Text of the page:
(See the infographic enlarged.)
Amidst the annual year-end reflective news coverage, some might have overlooked a significant global economic development: the formal creation of the world’s third largest marketplace. With the minting of the ASEAN Economic Community (AEC) agreement at the end of 2015, Southeast Asia took a big step towards economic unification. The integration agreement not only creates an enormous market, it also creates the world’s third largest workforce—behind only China and India.
In a global economy that places a premium on high-tech fluency, a generation that was born with Facebook on their smartphones has an advantage, and the Southeast Asian region is one of the world’s youngest. Accenture predicts that by 2020 nearly half of Southeast Asia’s population will be under 30 and more than 55% of its working-age population will be comprised of tech-savvy millennials.
And the region’s workforce is diverse. From manual agriculture and mining workers, to industrialized production and manufacturing professionals, to leading service and knowledge-economy executives, ASEAN talent spans the value chain. That diversity presents an opportunity for firms that base their production within the AEC—an entire supply chain can now be sourced within a single market. Take a hypothetical fitness tracker: designed in Singapore, built in a Thai factory with raw materials sourced from Indonesia, sold to a market of more than 600 million ASEAN residents, all with zero tariffs or trade barriers along the way.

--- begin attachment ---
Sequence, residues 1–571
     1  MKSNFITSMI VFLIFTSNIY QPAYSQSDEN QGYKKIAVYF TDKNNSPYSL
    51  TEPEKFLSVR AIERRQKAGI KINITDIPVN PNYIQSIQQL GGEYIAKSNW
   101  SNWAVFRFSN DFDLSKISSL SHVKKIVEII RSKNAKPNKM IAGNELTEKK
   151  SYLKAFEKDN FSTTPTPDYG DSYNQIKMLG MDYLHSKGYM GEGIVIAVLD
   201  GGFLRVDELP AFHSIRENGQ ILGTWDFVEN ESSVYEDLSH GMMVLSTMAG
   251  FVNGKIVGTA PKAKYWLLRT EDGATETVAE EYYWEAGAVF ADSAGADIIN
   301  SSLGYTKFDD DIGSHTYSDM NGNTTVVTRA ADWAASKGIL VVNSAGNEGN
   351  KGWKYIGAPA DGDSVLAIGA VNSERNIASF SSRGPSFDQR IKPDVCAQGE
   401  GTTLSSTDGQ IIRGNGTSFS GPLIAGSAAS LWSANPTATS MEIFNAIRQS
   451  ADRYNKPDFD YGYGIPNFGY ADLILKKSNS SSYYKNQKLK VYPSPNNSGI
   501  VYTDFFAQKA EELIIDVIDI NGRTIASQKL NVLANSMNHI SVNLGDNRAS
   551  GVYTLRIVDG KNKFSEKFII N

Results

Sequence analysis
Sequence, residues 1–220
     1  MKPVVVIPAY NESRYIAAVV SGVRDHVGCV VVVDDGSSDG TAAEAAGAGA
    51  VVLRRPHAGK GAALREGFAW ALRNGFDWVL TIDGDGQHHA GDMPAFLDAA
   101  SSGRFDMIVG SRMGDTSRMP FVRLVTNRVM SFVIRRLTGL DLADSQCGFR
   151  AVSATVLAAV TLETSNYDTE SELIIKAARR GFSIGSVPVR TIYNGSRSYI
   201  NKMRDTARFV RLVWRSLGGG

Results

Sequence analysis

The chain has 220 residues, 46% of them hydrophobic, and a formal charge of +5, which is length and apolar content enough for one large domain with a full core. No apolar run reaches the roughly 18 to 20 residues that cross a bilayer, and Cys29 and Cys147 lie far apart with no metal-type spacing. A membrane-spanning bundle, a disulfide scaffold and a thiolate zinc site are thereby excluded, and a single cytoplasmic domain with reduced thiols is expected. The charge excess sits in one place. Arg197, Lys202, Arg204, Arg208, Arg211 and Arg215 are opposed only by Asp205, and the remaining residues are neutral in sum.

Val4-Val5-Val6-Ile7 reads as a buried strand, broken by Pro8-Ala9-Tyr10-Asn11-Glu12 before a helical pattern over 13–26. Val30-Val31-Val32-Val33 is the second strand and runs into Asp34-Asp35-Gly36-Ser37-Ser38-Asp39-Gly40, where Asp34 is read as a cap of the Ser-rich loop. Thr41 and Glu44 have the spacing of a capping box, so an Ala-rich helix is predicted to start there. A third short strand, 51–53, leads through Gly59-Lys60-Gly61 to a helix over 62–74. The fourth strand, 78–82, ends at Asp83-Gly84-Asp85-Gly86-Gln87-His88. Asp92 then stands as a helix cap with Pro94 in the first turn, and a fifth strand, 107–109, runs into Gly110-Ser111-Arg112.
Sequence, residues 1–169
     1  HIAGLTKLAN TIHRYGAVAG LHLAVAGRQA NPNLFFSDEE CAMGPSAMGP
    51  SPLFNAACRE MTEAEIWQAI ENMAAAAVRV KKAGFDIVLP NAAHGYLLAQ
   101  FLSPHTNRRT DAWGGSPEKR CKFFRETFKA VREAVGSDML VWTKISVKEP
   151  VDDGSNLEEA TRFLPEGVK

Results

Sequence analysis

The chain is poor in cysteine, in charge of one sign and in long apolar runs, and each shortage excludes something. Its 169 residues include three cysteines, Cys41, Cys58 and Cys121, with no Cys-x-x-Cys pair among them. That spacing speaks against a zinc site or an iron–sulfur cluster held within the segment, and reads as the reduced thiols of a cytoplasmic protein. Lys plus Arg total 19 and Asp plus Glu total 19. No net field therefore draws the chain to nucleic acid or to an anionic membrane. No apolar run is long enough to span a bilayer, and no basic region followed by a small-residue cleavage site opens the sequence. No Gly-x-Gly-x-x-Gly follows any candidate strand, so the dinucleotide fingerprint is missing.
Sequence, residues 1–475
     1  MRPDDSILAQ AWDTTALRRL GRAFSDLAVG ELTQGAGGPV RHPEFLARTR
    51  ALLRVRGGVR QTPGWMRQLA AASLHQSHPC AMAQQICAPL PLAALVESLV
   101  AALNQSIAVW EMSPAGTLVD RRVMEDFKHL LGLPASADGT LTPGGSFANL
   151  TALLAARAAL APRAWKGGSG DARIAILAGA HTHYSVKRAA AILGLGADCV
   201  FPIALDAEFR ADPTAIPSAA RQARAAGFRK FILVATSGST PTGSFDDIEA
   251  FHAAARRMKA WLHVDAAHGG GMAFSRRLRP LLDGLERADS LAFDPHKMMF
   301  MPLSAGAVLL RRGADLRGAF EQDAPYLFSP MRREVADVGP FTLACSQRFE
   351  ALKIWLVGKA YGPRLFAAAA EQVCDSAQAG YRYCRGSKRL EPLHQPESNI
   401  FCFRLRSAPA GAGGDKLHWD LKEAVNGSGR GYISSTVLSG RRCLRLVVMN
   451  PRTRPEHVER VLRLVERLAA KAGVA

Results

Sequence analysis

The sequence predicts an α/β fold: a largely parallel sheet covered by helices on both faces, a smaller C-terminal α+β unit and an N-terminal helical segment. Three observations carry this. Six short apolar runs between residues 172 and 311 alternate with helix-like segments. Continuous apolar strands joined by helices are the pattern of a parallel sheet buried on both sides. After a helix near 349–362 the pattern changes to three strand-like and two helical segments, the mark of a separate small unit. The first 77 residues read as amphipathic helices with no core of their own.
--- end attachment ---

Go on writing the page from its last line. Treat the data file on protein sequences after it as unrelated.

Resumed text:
As it prepares for the future, ASEAN is committed to establishing a value chain for tomorrow by focusing on two fronts: building up infrastructure for innovation and by growing a competitive ASEAN workforce through upskilling.
In order to wrestle more high-value production business away from its competitors, ASEAN is setting its sights on the value chain of tomorrow. Bolstered by state-supported accelerators and innovation hubs, the region’s Internet of Things (IoT) spending is forecasted to grow 35% annually over the next five years, ultimately boosting productivity and profits across industries as diverse as Malaysia’s palm oil plantations, Indonesia’s copper mines, and Singapore’s e-commerce and logistics firms.
Singapore’s dedication to innovation now lives in RFID sensors at ports, enhanced connectivity, and intuitive analytics that track, organize, and distribute goods globally. But the country isn’t resting on those achievements, and is committed to being the world’s logistics nerve center as trade and investment shifts from West to East. To that end, Singapore has encouraged the adoption of new information technologies like grid computing and software agents that will help speed up computationally intensive tasks in complex supply chain management. Thanks to its logistics expertise, a heavy concentration of service providers, and continued investment in research and Infocomm Technology (ICT), Singapore has solidified its competitive advantage as a manufacturing hub.